UPCOMING POTENTIAL LAUNCHES
Aciphex: Potential launch 11/8/13.
Asacol: Potential launch 7/30/13.
Cymbalta: Potential launch 12/11/13.
Focalin XR: Potential launch in Q3 2013.
Lidoderm: Potential launch in Q3 2013.
Mirapex ER: Potential launch in August.
Niaspan: Potential launch 9/20/13.
Soriatane: Potential multi-supplier launch in Q3 2013.
Generic versions of Trilipix launches
Mylan announced the launch of fenofibric acid delayed-release capsules 45mg and 135mg, a generic version of Abbott's Trilipix. Various versions of the drug had sales of approximately $553.6 million during the 12-month period that ended in March, according to IMS Health. (DrugStoreNews 7/15/13, DrugStoreNews 7/18/13)
Generic version of Prandin launches
Sun announced the approval of repaglinide tablets 1mg and 2mg, a generic version of Novo Nordisk's Prandin. Prandin is used in combination with diet and exercise to improve blood-sugar control in patients with Type 2 diabetes and has annual sales of approximately $200 million, according to Sun. As the first company to successfully file for approval, Sun is eligible for 180 days of market exclusivity in which to compete directly with Novo Nordisk's version. (DrugStoreNews 7/12/13)
Perrigo receives tentative FDA approval for generic Prandin
Perrigo announced the tentative approval for repaglinide tablets, a generic version of Novo Nordisk's Prandin. Tentative approval means that the drug meets the basic conditions for FDA approval, but the agency must wait to grant final approval until patent-protection or market exclusivity periods have ended; in the case of Prandin, Sun received approval for its generic and will have 180 days in which to compete exclusively with Novo Nordisk's product. Prandin has annual sales of approximately $250 million, according to Symphony Health Solutions. (DrugStoreNews 7/19/13)
Generic version Soriatane launches
Teva announced the availability of the acitretin capsules 10mg, 17.5mg and 25mg, a generic version of GlaxoSmithKline's Soriatane. (DrugStoreNews 7/22/13)
Mylan files ANDA for generic Canasa
Mylan announced it had filed an ANDA with the FDA for melamine rectal suppositories 1,000mg, a generic version of Aptalis' Canasa. Mylan's application contained a Paragraph IV certification, a legal assertion that patents covering the drug are invalid, unenforceable or not in danger of infringement. In response to the filing, Aptalis filed a patent-infringement suit against Mylan. Under regulations governing generic drugs, Mylan expects to be eligible for 180 days of market exclusivity after FDA approval. Canasa had sales of approximately $153 million during the 12-month period that ended in March, according to IMS Health. (DrugStoreNews 7/11/13)
FDA approves generic Lamictal ODT
Actavis announced that it received FDA approval for lamotrigine orally disintegrating tablets 25mg, 50mg, 100mg and 200mg, a generic version of GlaxoSmithKline's Lamictal ODT. Actavis said it was likely the first company to file a complete ANDA for a generic version of Lamictal ODT and, as such, would be eligible for 180 days of market exclusivity in which to compete directly with the branded version. Lamictal ODT had sales of approximately $51 million during the 12-month period that ended in May, according to IMS Health. (DrugStoreNews 7/16/13)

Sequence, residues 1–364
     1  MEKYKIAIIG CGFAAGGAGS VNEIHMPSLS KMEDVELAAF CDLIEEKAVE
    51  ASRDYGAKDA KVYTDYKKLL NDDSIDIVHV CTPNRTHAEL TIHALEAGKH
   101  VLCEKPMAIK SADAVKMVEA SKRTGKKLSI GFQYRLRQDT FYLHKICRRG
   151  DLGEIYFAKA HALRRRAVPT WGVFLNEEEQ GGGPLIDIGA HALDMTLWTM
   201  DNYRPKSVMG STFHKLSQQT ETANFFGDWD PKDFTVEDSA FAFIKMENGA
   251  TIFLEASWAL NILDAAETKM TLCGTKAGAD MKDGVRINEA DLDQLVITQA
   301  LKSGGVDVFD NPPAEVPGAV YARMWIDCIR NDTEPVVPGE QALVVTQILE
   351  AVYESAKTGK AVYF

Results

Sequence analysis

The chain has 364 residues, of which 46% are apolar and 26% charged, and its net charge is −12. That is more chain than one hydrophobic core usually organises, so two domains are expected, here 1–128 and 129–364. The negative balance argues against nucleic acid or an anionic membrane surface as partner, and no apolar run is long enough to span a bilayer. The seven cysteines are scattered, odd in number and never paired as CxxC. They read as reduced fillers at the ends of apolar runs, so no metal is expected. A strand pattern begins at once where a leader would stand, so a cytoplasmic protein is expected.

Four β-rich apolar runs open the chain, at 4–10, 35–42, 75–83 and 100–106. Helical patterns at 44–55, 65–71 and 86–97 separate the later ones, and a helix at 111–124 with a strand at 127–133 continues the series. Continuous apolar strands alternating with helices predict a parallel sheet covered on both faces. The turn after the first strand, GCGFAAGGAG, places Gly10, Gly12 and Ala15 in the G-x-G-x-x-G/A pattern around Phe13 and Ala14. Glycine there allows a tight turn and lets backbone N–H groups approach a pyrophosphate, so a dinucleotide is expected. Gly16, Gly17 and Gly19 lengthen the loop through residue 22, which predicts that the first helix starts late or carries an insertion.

Lupin receives FDA approval for generic GIumetza Extended-Release Tablets
Lupin announced that it received final FDA approval for its Metformin Hydrochloride extended release tablets 500mg and 1000mg, the AB-rated generic equivalent of Santarus' Glumetza HCl ER tablets. Glumetza is a biguanide and is indicated as an adjunct to diet and exercise to improve glycemic control in adults with type-2 diabetes mellitus. According to IMS Health data, Glumetza HCl ER tablets had U.S. sales of approximately $144 million for the twelve months that ended March 2013. Lupin believes that it is the first applicant to file an ANDA for Glumetza HCl ER tablets and as such will be entitled to 180 days of marketing exclusivity. (Rtt News 7/22/13)
IMS Health study identifies $200+ Billion annual opportunity from using medicines
Avoidable costs exceeding $200 billion are incurred each year in the U.S. healthcare system as a result of medications not being used responsibly by patients and healthcare professionals, according to a new study released by the IMS Institute for Healthcare Informatics. This represents 8 percent of the country's total annual healthcare expenditures and amounts to millions of avoidable hospital admissions, outpatient treatments, pharmaceutical prescriptions and emergency room visits.The report - Avoidable Costs in U.S. Healthcare: The $200 Billion Opportunity from Using Medicines More Responsibly - examines six areas that contribute to unnecessary costs: medication nonadherence, delayed evidence-based treatment practice, misuse of antibiotics, medication errors, suboptimal use of generics and mismanaged polypharmacy in older adults. Together, these areas lead to unnecessary utilization of healthcare resources involving an estimated 10 million hospital admissions, 78 million outpatient treatments, 246 million prescriptions and four million emergency room visits annually. The study found significant opportunities for improvement - to ensure that patients receive the right medicines at the right time, and take them in the right way. (imshealth.com 7/19/13)